You have to be hopeful. You know, I just look around as I was riding to the studio to do this and coming across Pennsylvania Avenue. When I came here in 1979, the prime interest rate in the country was around 20 percent. We were immersed in the Iranian hostage situation. You had inflation that was double digit. It was the era of malaise – I always say “mayonnaise.” I was riding a bus down Pennsylvania Avenue, commuting to Capitol Hill where I worked. Those days Pennsylvania Avenue was open all the way through, and I couldn’t afford to drive a car or anything in.
And the world changes; things change in your life. Was I in a position to despair then? Absolutely. Things weren’t really looking good. But you are obligated not to despair. Now, about our country? Yeah, things may not look good, but we are obligated not to despair. Do I know what the outcome is going to be? No.
Do I know that we are going to be vindicated? No. But that’s not why you do it. You don’t do it to necessarily persuade, to feel that you’re going to persuade other people – you do it because it’s right. I think we are obligated to do that. Do I hope that, at some point, it becomes the, sort of the prevailing view? Yes. But I have no guarantee, and I don’t do it on the condition that I win.
Tuesday, October 25, 2016
This conference, scheduled for Fall 2017 at Oxford, should be of interest to MOJ readers. I hope some MOJ bloggers and readers will submit proposals!
Panels – call for papers
We invite proposals for presentations in the following panel sessions:
- Andrew March, chair: Private and public ethics. Possible topics include: controversies about forms of establishment, the limits of legislation, exemptions for economic, cultural, and social institutions.
- Stephen Macedo, chair: Religious diversity and education. Possible topics include: controversies about separation and integration in education, curriculum debates, the nature and limits of public authority, and student and parental freedom.
- Lisa Fishbayn and Sylvia Neil, chair and discussant: Gender, sexuality and religion. Possible topics include: controversies over reproductive rights, marriage, sexual culture, religious feminisms, religious justifications of discrimination.
- Jocelyn Maclure, chair: Accommodation of religious diversity in democratic polities. Possible topics include: religion as justification of legislation, exemptions, legal recognition; questions of democratic majoritarianism.
We also welcome proposals for papers that aim to explore new research avenues related to religious diversity and public life. Possible topics include: the ethics and politics of interfaith relations; concepts of religious moderation, extremism, fundamentalism, radicalization; public ethics in contexts of antagonism or separation
On this date in 1970, Paul VI canonized 40 martyrs of the English Reformation, including Anne Line, 10 Jesuits, and an Augustinian friar (John Stone). Among the Jesuit martyrs are Edmund Campion, Henry Walpole (a lawyer who appears to have been brought to conversion by witnessing the execution of Campion in 1581), Robert Southwell, and Thomas Garnet. John Finnis and Patrick Martin have argued ("Another Turn for the Turtle," Times Literary Supplement, April 18, 2003) that the martyrdom of Line inspired Shakespeare's poem "The Phoenix and Turtle." A bit from their piece:
[Henry] Garnet, the Jesuit superior in England, reported Ann’s execution to Rome with priestly words of consolation and edification. This poem’s way of proceeding is different. More reticent, artificed, opaque and resonant than our discussion may suggest, it makes no display of Catholic belief, or even of common Christian hope for life beyond death: there is resting “to eternity”. But the poem’s Reason, while insistent that Love—pre-eminent to Jesuit teachers, as Faith to the Protestant—“hath reason” even where “reason hath none”, does not permit itself Garnet’s confidence: that Ann Line died a saint to (or through) whom, not for whom, one should sigh one’s prayers. “Death is now the Phoenix’ nest”: no retailing here of pagan-Christian phoenix allegories of rebirth and immortality. There is loss which, though not annihilating, is irreversible: from “now” on, “Truth may seem but cannot be . . . Truth and beauty buried be”.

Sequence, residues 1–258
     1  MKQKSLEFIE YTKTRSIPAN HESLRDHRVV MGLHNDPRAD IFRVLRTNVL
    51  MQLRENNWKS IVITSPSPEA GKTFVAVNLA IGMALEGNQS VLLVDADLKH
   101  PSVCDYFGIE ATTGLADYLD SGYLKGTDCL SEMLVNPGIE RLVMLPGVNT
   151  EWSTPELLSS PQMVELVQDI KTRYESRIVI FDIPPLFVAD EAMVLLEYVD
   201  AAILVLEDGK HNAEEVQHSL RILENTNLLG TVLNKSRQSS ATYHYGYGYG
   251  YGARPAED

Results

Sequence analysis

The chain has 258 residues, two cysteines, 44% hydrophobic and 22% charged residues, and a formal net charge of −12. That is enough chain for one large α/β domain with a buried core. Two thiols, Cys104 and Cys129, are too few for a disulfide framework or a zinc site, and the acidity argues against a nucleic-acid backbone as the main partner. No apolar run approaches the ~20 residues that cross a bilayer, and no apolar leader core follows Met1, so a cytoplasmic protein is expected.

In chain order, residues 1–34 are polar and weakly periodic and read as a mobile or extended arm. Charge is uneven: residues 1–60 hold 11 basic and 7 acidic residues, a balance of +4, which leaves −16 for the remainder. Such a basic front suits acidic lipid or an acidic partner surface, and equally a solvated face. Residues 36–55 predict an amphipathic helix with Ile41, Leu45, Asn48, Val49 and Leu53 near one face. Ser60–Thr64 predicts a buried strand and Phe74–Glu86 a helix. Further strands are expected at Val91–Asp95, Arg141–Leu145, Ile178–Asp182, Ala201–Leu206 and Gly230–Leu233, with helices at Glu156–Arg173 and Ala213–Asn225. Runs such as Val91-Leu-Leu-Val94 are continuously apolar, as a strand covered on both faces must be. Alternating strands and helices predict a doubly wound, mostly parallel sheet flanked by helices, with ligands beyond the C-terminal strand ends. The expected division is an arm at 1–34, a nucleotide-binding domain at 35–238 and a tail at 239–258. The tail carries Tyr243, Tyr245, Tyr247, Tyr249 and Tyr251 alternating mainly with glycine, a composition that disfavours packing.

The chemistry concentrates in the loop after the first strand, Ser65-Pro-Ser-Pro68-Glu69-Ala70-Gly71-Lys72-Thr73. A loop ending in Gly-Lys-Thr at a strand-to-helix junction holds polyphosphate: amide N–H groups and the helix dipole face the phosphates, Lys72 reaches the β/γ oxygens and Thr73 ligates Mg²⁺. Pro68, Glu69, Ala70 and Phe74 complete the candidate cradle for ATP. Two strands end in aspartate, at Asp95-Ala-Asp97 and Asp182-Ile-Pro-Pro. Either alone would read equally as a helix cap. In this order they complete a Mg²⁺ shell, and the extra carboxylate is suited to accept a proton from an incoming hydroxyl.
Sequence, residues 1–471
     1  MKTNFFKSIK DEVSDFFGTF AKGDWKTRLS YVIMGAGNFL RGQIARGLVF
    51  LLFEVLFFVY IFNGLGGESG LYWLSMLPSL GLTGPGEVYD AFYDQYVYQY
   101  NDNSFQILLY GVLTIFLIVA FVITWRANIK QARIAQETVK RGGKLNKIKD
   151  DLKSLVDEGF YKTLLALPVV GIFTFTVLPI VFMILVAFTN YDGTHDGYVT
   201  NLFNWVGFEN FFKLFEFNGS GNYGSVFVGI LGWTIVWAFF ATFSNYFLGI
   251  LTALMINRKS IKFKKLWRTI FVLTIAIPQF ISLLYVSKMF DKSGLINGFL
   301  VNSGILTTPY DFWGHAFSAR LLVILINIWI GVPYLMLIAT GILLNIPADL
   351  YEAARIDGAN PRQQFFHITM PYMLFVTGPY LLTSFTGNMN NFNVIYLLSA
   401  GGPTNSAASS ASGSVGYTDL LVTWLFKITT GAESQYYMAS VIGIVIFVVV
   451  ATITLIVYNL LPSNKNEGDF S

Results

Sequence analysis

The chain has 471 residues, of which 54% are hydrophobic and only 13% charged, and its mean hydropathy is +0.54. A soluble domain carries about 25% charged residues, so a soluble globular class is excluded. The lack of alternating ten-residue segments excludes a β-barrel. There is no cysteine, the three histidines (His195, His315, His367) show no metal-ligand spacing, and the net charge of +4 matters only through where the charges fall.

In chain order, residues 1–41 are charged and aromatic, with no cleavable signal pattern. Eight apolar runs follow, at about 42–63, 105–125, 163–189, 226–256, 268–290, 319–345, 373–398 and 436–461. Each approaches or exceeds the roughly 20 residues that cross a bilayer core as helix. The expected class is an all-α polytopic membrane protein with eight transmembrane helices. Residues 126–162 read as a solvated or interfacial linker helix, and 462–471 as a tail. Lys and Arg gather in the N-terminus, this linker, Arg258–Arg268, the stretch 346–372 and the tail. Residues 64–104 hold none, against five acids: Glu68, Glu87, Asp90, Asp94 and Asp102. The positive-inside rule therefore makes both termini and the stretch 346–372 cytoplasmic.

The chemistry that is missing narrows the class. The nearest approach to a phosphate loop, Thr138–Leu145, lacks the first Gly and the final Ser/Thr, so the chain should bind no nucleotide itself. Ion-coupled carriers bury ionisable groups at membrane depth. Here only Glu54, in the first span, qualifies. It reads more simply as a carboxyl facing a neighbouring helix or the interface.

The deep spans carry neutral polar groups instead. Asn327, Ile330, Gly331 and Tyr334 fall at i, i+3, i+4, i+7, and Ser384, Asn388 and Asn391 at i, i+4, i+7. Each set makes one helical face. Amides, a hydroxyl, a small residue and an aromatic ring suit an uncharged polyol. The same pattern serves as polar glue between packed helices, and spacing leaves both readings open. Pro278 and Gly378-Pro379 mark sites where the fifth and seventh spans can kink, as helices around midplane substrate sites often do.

And in a recent review in the TLS by Anna Whitelock of a book by John Guy on the later years of the reign of Elizabeth I, Whitelock notes the role of the Queen herself in all of this--gruesome reading, but a caution against whitewashing English history:
For many readers it will doubtless be Guy’s vivid account of Elizabeth’s cruel methods against Catholics or suspected traitors and the climate of terror amid economic crisis and political and social discontent that is most striking and unfamiliar. Guy convincingly argues that Elizabeth sanctioned, and even encouraged, the activities of the notorious Catholic-hunter and rackmaster Richard Topcliffe, who tortured suspects in a “strong room” in his house in Westminster. Indeed, “strong archival evidence exists that she knew him personally, thoroughly approved of his activities and received reports directly from him rather than through intermediaries”. The smoking gun which proves her acquiescence in some of Topcliffe’s worst atrocities lies buried in Burghley’s papers. When the Jesuit priest Robert Southwell was arrested in 1592, Topcliffe wrote to tell Elizabeth how the prisoner was shackled to the wall in his “strong chamber” and had responded to interrogation “foully and suspiciously”. Topcliffe sought the Queen’s permission to “enforce” the prisoner “to answer truly and directly”, by stretching him out against the wall using “hand gyves” (iron gauntlets). Although the Queen’s reply to Topcliffe’s letter was not written down, the fact that he proceeded with the torture methods he had described and with no further warrant as the law required, is in Guy’s view “chilling proof that she gave her consent in the full knowledge of what he was about to do. Topcliffe would not have dared to act as he did had the Queen forbidden it, and she was far from squeamish”. Moreover, when, after a two and a half years of solitary confinement in the Tower of London, Robert Southwell was finally brought to the gallows at Tyburn, Elizabeth specifically ordered that he be forced to endure extra suffering, and after being hanged, Southwell should be cut down while fully conscious and disembowelled. This was no one-off. Ten years earlier, she had issued similar orders when William Parry, a failed assassin, made the journey to Tyburn. After just one swing of the rope he was cut down from the gallows on Elizabeth’s order and while he was still fully conscious, had his heart and bowels ripped from his body with a meat cleaver. Finally, after he had let out a “great groan”, his head and limbs were severed from the corpse and the head set on London Bridge as a warning to others of the “terrible price of treason”. So much for Good Queen Bess.